When I arrived home, I talked with Bill about my reaction to Mr. Pip.  Yesterday, I came to the climax of the story, and to use a cliche, felt as though my heart were tearing apart.  I won't describe the scene here, but I had to put the book down and wasn't sure I would ever be able to pick it up again, even though I was so close to the end.  I was angry with Bill's sister, Phyllis, for lending it to me and I was even more angry with Lloyd Jones, the author.  I had read up to this point, even through some painful parts, with a kind of trusting abandonment.  I loved the characters and I loved the tone of the story and I believed, in my best escapist certainty, that Mr. Jones would take me gently through whatever the outcome was to be.  He didn't do that at all and the hurt was a physical pain in my gut.  I told myself there is enough ugliness in the world and why would anyone want to put themselves through a fictional world of more of the same.  I've just read about Mr. Lloyd, and realize that the world he wrote about wasn't fictional at all, and that he did extensive research.  You can hear him describe how he came to the story, if you go to the link above.  Anyhow, I did pick up the book again, and though I steeled myself for more pain, Mr. Lloyd shocked me once more by being able to bring me to terms with the ugliness.  In fact, he left me with several small revelation moments, one of the ways I know a book has touched a place in me that had lain dormant.  So, Phyllis, if you're reading this, thank you!  You haven't missed yet, in the books you've recommended.  Here is one small quote near the end of the book:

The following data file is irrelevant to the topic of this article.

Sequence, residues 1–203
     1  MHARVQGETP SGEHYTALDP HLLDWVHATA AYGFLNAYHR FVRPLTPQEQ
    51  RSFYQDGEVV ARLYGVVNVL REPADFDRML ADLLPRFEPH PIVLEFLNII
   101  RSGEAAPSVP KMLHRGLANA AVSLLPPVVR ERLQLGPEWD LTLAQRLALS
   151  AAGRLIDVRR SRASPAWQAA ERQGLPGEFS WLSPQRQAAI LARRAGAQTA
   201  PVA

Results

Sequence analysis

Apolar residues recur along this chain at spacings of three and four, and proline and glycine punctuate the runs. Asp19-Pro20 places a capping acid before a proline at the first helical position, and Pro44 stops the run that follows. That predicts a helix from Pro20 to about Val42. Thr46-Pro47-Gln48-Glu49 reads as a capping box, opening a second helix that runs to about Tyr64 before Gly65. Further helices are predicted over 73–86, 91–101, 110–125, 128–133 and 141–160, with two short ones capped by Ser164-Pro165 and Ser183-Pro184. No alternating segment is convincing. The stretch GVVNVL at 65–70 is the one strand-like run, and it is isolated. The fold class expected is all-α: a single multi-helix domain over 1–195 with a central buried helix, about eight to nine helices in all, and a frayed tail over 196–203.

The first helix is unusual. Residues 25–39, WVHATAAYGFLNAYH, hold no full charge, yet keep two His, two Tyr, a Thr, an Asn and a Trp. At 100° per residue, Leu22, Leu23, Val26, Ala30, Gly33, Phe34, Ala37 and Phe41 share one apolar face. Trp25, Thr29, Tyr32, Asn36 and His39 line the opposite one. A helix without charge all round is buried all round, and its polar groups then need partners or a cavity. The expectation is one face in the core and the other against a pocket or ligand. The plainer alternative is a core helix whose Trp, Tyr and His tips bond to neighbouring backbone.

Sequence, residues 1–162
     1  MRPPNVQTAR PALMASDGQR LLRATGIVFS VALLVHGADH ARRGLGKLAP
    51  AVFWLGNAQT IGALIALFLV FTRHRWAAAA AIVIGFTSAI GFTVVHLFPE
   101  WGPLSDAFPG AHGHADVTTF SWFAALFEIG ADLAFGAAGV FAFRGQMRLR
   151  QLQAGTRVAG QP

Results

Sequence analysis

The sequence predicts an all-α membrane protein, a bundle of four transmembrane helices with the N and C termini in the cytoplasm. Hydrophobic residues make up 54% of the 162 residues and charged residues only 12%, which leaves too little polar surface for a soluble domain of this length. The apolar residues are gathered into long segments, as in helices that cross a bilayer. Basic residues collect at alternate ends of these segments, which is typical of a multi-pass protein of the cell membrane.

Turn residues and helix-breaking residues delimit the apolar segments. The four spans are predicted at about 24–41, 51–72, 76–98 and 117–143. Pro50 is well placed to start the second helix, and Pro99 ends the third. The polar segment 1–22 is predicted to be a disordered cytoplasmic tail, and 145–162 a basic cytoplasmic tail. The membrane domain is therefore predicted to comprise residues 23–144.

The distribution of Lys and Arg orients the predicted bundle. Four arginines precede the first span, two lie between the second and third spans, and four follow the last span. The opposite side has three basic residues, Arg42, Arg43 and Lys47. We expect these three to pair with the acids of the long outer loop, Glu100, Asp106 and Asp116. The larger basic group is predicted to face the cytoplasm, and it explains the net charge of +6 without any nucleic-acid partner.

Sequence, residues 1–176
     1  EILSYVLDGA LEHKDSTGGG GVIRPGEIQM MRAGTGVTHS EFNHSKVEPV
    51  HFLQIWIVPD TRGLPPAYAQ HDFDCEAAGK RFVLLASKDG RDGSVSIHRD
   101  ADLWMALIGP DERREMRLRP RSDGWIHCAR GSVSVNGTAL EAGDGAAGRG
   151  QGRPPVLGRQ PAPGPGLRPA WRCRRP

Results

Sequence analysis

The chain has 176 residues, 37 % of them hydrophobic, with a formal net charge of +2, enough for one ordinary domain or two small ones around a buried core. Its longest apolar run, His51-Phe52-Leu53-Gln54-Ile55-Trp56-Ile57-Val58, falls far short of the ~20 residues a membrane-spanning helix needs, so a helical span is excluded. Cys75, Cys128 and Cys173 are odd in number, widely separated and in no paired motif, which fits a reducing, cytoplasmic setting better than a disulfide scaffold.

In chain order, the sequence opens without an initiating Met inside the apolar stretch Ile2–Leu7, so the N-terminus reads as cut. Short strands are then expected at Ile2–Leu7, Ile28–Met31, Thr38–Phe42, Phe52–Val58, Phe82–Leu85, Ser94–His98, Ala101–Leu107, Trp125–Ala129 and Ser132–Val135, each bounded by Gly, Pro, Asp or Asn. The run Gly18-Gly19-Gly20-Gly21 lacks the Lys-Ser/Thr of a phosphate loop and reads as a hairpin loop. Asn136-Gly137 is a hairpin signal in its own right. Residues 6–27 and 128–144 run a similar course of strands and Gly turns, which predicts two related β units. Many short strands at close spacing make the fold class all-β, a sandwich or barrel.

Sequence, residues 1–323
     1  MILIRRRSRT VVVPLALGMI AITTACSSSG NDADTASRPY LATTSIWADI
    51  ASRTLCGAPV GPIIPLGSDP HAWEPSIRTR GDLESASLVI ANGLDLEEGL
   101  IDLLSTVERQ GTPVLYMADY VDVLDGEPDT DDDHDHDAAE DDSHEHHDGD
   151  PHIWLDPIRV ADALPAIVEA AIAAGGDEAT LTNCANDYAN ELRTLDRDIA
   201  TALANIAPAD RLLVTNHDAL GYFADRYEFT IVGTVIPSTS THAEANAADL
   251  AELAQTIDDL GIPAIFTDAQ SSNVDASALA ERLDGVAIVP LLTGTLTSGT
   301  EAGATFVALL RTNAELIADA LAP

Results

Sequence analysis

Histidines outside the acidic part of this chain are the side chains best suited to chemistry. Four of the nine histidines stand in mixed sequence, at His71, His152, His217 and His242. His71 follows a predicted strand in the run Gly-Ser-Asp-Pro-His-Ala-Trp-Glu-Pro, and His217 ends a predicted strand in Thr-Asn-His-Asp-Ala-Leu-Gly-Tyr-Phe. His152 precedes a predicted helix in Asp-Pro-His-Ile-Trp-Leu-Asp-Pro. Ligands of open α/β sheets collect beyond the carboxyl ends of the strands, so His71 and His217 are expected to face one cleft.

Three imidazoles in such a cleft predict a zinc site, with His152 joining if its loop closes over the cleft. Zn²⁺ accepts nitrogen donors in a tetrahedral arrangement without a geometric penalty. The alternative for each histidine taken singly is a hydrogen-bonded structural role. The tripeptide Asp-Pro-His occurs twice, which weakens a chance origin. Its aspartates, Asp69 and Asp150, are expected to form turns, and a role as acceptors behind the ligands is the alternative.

I have tried to describe the events as they happened to me and my mum on the island.  I have not tried to embellish.  Everyone says the same thing of Dickens.  They love his characters.  Well, something has changed in me.  As I have grown older I have fallen out of love with his characters.  They are too loud; they are grotesques.  But strip away their masks and you find what their creator understood about the human soul and all its suffering and vanity.  When I told my father about...  he broke down and wept.  That is when I learned there is a place for embellishment after all.  But it belongs to life - not to literature.